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Nairobi gets a taste of art from Qinghai

China Daily | Updated: 2020-01-16 10:13
An aerial view of a frozen lake in Qinghai province, which is home to the headwaters of the Yangtze, Yellow and Lancang rivers. [Photo/Xinhua]

An exhibition showcasing the culture and art of ethnic groups in Qinghai province went on display at a Confucius Institute in Nairobi, Kenya, on Monday.

The displayed items, covering various forms of art and photography, served to highlight the longstanding friendship between China and Africa.

The exhibition, Experience China-Magnificent Qinghai, was held at the Confucius Institute at Kenyatta University in the Kenyan capital.

At the opening of the exhibition, Elizabeth Nasubo, deputy director of the Department of Culture in Kenya's Ministry of Sports, Culture and Heritage, hailed an enduring relationship between Kenya and China that dates to the 1950s.

"The cultural cooperation between Kenya and China is growing stronger as seen through this exhibition," Nasubo said. "We are happy to continue on this path because this cultural collaboration is an important stimulus for our youth to adopt positive behavior, thoughts and values.

"We are therefore grateful to China for being ready to work with us to promote our creative industry and we are looking forward to further collaborations."

The exhibition included traditional paintings by celebrated Chinese artist Xia Wujiao as well as photographs of Qinghai's spellbinding landscape and culture. During this leg of the tour, the Qinghai artists visited South Africa and Zambia, as well as Kenya, to promote learning, exchanges and dialogue between Chinese and Africans on cultural themes.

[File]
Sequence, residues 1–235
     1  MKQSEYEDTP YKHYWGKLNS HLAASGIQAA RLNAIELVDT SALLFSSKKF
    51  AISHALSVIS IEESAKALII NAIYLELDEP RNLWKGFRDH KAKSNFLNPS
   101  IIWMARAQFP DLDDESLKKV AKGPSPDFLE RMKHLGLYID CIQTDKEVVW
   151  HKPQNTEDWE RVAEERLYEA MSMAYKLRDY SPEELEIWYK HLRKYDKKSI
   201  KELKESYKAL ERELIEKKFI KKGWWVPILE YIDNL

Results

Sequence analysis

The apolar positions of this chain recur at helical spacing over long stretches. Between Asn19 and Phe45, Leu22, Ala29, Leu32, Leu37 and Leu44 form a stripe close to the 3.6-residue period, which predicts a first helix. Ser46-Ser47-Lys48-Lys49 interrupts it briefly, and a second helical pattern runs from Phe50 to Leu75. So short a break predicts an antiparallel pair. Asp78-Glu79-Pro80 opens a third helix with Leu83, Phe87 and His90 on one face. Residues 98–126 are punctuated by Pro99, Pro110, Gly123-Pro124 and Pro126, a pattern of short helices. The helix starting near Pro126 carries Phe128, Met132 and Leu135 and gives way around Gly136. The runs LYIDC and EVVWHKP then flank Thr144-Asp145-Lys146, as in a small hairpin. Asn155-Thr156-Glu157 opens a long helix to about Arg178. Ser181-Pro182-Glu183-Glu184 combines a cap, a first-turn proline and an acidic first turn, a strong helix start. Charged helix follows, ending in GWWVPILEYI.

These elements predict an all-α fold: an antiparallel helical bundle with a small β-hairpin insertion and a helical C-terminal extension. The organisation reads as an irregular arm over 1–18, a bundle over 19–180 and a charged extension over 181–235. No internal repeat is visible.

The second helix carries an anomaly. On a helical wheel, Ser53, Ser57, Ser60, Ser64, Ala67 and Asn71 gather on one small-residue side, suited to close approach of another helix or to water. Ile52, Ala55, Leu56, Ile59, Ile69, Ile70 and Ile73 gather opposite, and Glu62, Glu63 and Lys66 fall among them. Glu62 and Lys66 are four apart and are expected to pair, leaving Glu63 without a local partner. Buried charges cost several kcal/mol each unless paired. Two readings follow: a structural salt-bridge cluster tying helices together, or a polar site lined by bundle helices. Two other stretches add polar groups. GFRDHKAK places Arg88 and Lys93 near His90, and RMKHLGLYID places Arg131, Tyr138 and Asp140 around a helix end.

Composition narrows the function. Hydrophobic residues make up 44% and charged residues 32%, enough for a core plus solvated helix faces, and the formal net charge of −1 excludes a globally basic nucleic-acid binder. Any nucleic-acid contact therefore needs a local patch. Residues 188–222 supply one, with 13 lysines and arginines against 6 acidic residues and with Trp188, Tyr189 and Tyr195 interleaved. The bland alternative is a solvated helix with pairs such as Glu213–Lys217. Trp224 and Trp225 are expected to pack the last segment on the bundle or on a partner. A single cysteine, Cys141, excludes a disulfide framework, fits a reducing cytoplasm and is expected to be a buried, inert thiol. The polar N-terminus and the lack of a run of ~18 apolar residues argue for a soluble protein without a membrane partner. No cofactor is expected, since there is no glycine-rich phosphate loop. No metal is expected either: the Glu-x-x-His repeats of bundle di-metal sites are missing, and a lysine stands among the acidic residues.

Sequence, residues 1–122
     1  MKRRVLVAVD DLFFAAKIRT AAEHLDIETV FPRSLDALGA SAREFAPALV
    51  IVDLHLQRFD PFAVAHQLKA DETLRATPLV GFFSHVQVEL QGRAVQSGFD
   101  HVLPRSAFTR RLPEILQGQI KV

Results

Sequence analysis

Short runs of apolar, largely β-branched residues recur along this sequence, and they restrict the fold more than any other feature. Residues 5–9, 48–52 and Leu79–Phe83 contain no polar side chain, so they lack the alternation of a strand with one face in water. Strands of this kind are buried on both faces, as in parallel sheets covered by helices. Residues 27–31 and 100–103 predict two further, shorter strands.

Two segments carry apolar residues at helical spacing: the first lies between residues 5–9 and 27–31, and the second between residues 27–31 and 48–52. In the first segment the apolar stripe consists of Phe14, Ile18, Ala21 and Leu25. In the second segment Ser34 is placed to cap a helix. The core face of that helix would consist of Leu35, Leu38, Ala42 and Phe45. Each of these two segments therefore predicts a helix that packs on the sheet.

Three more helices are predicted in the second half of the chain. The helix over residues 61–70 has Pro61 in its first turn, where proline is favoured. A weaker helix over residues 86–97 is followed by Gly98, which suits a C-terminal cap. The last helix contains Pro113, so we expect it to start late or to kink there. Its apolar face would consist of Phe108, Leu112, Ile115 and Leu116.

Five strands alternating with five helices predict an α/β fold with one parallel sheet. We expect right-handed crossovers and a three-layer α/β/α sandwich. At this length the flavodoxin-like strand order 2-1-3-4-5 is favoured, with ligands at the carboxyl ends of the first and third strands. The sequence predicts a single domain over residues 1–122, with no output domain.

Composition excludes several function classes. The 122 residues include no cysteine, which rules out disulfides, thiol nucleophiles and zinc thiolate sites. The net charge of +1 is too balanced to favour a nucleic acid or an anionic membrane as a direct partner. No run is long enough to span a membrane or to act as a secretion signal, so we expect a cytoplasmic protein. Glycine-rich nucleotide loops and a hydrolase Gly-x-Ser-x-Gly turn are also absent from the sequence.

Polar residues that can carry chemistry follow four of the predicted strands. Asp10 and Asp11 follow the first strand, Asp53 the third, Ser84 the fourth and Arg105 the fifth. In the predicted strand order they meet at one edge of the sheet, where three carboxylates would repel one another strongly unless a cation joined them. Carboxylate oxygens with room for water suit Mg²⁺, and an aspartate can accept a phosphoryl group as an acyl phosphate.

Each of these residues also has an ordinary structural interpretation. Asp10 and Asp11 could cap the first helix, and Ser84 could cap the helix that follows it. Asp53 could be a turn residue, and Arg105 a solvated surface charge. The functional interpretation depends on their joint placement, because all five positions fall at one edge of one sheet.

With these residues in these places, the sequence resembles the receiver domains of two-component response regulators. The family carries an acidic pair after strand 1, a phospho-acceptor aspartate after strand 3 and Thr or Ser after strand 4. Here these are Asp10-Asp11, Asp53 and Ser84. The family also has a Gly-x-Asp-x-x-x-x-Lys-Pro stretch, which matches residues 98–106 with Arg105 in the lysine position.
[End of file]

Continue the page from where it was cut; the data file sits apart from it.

Zhou Meifen, the culture counselor to the Chinese embassy in Kenya, said cultural exchanges have become an indispensable part of strengthening relations between countries.

She said that Qinghai province, much like Kenya, is a place where people co-exist with nature in harmony. Cultural cooperation will make it easier for the people to understand each other through their shared backgrounds, Zhou said.

The touring exhibition provides an opportunity to show how civilizations can engage in dialogue and exchange on an equal footing, in order to facilitate mutual learning. This insight was reiterated by Wang Zhiming, deputy minister in the publicity department of the Qinghai provincial committee.

"In order to make the people of Kenya better understand China and Qinghai, we carefully selected more than 200 pictures and paintings for this exhibition," Wang said. "It is hoped that in this unique way a road from Qinghai to Africa will be constructed through which cultural exchange and mutual learning will be strengthened to promote the common development of the art and cultures of our people."

Otiato Opali in Nairobi, Kenya contributed to this story.

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